From the Programming Ruby book:
<quote>
  In addition, you can substitute the value of any Ruby expression
  into a string using the sequence #{ expr }.
</quote>

Up to about an hour ago, I never doubted this statement. I've stumbled
upon the following example which is not accepted by ruby. The following
piece of code works perfectly, as to be expected:

  name = "peter"
  temp = "name=\"" + name + "\""
  print "<user #{temp}></user>"

This prints exactly what I want it to print, namely:

  <user name="peter" ></user>

One would expect that substituting the RHS of the assignment to temp for
temp in the third statement, would work as well:

  name = "peter"
  print "<user #{"name=\"" + name + "\""}></user>"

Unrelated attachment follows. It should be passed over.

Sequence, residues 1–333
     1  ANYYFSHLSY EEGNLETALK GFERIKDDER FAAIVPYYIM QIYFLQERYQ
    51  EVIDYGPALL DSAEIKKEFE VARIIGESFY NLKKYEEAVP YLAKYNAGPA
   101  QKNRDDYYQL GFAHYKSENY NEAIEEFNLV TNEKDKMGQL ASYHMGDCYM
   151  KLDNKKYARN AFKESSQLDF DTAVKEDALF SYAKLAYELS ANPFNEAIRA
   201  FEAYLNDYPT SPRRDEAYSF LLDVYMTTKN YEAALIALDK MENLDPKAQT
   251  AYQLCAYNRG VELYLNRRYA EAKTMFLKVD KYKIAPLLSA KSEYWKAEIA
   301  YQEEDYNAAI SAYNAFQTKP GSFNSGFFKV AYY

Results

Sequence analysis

Type this in at the ruby prompt and you'll soon notice that it gives you
the following prompt and not the expected output as above:

  irb(main):003:-1/

Note the -1 in the prompt, meaning ruby managed to get above the toplevel.

Ruby just keeps waiting for input, and I can type anything but ruby will
stay in this state until I type a / and then unhappily states this:

  (irb):2: warning: escaped terminator '"' inside string interpolation
  SyntaxError: compile error
  (irb):3: unterminated string meets end of file
  (irb):3: syntax error
          from (irb):3

Anyway, what happens is that the escaped quotes are misinterpreted since
the problem is gone when I leave them out. The effect is that the slash in
</user> is interpreted as the start of a regular expression. This can only
be if ruby thinks it's not part of a string string, which was clearly not
my intention.

Can someone please tell me whether this is a bug, or otherwise why I
shouldn't have done the above.

Note: I'm using version 1.8.0 of ruby, don't know if the trueness of the
above statement from Programming Ruby changed as the ruby version changed.

Thanks,
Peter